The UK’s top firms paid out more in dividends last year than they made in profits for the first time since the recession, as they ate into reserves, balances sheets and future earnings to protect payouts to shareholders.
Despite profits at the 350 biggest UK-listed firms tumbling by more than half to £76.2bn in 2015, they still paid out ten per cent more in dividends than in 2014. That took the dividend cover ratio, a measure of how much profit is made for every £1 paid out to shareholders, across the index below one for the first time since the second quarter of 2009.
It was poor performance from the oil, mining and banking sectors which dragged the overall score down. Excluding those sectors, firms made £1.65 in profit for every £1 returned to shareholders. Moreover, the mid-cap FTSE 250 index also posted a cover ratio above one, while for the FTSE 100 is was just 0.89.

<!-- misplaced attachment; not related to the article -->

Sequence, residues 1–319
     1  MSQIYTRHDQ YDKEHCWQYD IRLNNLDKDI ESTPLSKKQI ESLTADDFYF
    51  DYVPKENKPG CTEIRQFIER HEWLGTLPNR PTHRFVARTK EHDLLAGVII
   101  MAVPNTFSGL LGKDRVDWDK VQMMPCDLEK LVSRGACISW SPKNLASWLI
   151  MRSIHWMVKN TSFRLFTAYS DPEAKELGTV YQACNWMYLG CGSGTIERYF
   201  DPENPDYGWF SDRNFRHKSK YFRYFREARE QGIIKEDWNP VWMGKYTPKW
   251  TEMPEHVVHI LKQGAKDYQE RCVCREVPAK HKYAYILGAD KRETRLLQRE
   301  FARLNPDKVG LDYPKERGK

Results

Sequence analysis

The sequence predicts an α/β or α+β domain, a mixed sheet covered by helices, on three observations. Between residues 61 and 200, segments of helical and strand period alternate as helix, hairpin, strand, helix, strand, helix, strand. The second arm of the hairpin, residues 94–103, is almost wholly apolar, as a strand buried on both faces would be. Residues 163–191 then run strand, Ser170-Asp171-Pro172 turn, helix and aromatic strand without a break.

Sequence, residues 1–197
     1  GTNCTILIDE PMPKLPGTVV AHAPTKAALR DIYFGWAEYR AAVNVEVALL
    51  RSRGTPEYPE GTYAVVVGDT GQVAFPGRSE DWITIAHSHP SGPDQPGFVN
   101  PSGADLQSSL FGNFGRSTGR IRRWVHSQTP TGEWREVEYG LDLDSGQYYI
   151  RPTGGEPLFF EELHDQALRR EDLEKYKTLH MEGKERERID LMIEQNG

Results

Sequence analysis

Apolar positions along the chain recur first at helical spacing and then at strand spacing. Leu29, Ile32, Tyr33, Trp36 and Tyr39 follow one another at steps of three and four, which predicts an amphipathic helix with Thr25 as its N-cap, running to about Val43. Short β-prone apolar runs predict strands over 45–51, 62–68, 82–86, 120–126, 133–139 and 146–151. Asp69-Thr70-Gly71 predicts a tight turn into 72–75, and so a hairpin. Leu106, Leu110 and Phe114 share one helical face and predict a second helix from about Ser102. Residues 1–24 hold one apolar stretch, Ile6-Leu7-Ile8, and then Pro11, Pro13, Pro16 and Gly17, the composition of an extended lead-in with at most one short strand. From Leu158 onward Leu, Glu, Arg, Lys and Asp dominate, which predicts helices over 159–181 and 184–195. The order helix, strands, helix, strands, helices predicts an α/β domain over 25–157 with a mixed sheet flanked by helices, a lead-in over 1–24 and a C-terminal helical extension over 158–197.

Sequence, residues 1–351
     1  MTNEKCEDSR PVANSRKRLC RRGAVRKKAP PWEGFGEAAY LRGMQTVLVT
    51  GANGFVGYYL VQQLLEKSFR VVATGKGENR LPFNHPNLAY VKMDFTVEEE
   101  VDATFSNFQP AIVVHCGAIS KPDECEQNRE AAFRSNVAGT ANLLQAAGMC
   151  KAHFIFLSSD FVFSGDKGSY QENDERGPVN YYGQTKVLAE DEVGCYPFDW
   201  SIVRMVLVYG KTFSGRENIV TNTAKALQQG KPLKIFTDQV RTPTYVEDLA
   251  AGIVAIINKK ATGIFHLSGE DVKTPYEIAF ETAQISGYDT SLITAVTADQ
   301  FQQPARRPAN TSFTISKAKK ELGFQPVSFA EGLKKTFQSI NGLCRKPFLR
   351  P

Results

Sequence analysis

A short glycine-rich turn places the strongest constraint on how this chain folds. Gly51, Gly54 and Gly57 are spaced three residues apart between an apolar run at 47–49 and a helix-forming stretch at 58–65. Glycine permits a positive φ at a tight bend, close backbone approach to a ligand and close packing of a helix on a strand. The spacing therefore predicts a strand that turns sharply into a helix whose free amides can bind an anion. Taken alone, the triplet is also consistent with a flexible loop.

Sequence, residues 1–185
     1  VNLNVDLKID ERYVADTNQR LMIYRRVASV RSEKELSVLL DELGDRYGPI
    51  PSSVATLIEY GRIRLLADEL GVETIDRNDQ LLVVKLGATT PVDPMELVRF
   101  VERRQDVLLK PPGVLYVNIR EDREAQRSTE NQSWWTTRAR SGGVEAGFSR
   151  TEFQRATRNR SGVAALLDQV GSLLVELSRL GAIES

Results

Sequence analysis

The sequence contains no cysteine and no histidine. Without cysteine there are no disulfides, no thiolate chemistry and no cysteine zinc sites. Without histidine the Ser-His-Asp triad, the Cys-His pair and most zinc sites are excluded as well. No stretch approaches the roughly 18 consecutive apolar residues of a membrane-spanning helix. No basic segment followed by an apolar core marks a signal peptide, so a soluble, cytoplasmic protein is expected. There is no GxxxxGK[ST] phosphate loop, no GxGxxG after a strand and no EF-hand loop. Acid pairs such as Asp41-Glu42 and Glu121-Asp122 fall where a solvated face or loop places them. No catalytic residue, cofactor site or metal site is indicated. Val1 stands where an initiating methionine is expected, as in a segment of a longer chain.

However, the cover ratio fell compared to 2014 across the board as firms proved reluctant to cut dividends in the face of pressure on profits.
“They will only cut dividends when they believe there is a necessity to, as its sends out a signal that perhaps the experience of the company and the situation it is in isn't just a short-term issue. As soon as they make a cut they are seen as a lot less dependable by investors.”
Helal Miah, an analyst at The Share Centre said: “Finance directors will usually try to ride out a soft patch for profits and hold the dividend steady for as long as they prudently can. Eventually, it is important to face facts.”